Building wealth creation and social justice into the fabric of the economy and public administration can help govmin achieve its policy objectives. Social justice shld not be looked at as mere expenditure. E.g. if poorer S’poreans felt that there was social justice, they would be less resistant to the liberal immigration policy, or the call to be “cheaper, better faster”. Economy grows, govmin is happy and so are the people.

And help the ambition of the PAP to continue dominating politics here. Do the right thing wealth creation and social justice, not juz say it; and I for one wouldn’t mind another 50 years of the PAP in power.

I’m in my mid 50s and all things considered I would have voted PAP from 1959 to 1991, based on what the PAP did in terms of wealth creation and social justice. From then on, I wouldn’t, because social justice became mere words.

It’s When You Start And When You Finish

In ETFs, Uncategorized on 16/01/2011 at 7:01 am

Tan Kin Lian, Fisca and yrs sincerely are strong advocates of investing via low-cost ETFs. Hey we not that smart: Warren Buffett advises retail investors to buy low-cost index funds. ETFs are a form of index funds.

But it’s not a no-brainer, risk-free investment strategy. You still can lose money. This US-centric illustration shows why: It’s When You Start And When You Finish.

There are no easy answers when building an egg-nest for yr retirement. Buying life insurance packaged with an investing element is not an easy answer. It is expensive and often is not the answer to building an egg nest. The returns that the agent shows you are not guaranteed. They juz example leh.

Taz why Fisca and TKL advocate by term insurance and invest the rest in ETFs.

Have the Reds come to this?

In Uncategorized on 16/01/2011 at 5:57 am

Alan Hansen, a former ‘Pool star and now footie commentator writes, If Liverpool play as they have done recently there will be nothing there for them against an Everton side who can be as good or as bad as anything around, but if they defend well then it is certainly within the capabilities of Dalglish’s team to get a result. I think how Liverpool defend will have a big influence on the outcome of the game. Article

This team must be from a parallel universe, where the Toffees are the top team on Merseyside, with a trophy room full of European, and English trophies.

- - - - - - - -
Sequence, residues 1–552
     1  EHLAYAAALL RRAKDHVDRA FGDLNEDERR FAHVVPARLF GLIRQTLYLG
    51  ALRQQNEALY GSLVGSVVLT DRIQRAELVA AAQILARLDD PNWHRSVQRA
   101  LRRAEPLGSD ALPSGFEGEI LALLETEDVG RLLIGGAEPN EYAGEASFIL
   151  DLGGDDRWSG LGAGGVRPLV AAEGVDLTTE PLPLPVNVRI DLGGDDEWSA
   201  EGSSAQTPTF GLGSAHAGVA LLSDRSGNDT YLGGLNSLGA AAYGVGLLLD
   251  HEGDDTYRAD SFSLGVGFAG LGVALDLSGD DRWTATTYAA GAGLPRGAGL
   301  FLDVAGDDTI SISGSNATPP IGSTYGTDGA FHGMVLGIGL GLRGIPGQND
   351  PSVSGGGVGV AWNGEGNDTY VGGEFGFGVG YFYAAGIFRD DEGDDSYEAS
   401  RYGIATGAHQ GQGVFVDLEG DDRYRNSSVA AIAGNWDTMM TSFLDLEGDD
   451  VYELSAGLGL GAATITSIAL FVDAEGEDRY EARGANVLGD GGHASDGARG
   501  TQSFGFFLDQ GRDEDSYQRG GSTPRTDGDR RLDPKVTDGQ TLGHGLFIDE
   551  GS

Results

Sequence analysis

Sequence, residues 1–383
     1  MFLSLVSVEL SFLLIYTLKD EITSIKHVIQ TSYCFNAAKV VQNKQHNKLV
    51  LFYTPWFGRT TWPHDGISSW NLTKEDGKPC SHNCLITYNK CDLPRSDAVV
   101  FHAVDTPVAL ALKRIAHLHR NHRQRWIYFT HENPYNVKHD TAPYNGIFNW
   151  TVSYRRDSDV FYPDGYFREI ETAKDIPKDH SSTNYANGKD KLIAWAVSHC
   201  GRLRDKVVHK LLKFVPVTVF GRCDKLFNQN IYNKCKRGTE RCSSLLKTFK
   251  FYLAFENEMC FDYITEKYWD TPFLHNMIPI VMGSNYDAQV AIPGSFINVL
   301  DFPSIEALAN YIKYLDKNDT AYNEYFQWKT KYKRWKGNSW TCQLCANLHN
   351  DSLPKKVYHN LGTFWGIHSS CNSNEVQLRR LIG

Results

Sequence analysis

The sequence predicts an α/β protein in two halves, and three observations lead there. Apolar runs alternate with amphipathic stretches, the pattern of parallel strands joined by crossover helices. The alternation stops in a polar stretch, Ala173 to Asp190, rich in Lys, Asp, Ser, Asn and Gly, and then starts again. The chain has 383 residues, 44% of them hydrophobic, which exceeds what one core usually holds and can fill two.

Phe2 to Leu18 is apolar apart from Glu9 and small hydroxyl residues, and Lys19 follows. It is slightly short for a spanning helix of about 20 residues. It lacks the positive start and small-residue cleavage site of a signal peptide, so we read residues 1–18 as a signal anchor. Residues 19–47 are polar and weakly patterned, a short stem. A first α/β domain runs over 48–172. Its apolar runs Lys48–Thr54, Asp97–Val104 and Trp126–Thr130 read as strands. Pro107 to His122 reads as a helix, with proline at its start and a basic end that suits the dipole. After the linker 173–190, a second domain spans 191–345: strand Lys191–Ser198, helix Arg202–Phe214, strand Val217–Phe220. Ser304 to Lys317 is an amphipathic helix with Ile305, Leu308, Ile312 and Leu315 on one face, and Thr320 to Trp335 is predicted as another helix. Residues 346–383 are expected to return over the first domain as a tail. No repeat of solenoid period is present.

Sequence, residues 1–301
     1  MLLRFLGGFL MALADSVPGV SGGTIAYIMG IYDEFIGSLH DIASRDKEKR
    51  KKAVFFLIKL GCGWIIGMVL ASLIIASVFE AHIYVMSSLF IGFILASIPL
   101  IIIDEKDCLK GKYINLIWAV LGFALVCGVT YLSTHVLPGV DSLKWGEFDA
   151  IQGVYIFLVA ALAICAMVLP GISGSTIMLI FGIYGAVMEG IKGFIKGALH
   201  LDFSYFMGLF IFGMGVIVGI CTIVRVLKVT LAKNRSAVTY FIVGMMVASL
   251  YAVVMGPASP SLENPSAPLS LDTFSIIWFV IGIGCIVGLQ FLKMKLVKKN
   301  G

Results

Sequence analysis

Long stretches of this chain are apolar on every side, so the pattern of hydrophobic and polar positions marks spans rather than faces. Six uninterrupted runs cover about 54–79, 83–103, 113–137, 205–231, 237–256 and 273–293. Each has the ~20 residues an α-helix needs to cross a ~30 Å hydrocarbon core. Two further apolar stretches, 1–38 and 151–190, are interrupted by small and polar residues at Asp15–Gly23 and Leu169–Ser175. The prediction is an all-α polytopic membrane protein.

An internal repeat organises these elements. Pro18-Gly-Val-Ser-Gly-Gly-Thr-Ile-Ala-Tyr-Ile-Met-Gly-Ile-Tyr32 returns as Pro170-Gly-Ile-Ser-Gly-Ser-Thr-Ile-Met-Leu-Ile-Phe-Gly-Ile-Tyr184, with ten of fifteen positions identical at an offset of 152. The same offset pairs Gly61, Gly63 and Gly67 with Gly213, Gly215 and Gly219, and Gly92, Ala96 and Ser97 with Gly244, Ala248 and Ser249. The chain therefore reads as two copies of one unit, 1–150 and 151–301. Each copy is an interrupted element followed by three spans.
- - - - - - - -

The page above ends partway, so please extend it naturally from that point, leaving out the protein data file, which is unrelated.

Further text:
‘Pool fans I met yesterday expect a loss today.

Another cute Pandas’ pix

In Uncategorized on 15/01/2011 at 2:55 pm


Adopt Arsenal money model – Uefa

In Footie on 15/01/2011 at 6:50 am

Err but where are the trophies? Fans, and owners (most of them unless they are Americans) want glory before money. Footie is more than abt money. It’s abt trophies and loyalties.

Arsenal have been held up as a shining example by Uefa as European football’s governing body prepares to implement tough new financial restrictions.

From the 2011-12 season clubs must break even over a rolling three-year period or risk a possible ban from Uefa European competitions.

Uefa compared Arsenal’s approach to that of clubs with super-rich owners.

“What model waits for a knight rider on a horse and then rides away?” said Uefa general secretary Gianni Infantino.

Arsenal boss Arsene Wenger’s meticulous and sensible approach to spending has helped the north Londoners strengthen their finances over the last 10 years, as some of their rivals’ own position has weakened.

BBC Online article

Thaipusam: “stop this brutality”?

In Holidays and Festivals on 15/01/2011 at 6:46 am

I did a double take when I saw this pix on ToC’s front page and below it “We must stop this brutality,” says Human Rights Lawyer.

I tot “Oh no. Not another attack on Thaipusam”.

I clicked the story and it turned out that the lawyer meant the recent curbs on the Thaipusam procession, not the body piecing spikes.

I must admit I shudder and feel ill whenever I see pixs of khavadi carrying devotees. They may not feel the pain, but I do.

But no, I do not want the practice to stop. It’s the devotees’ religion, not mine.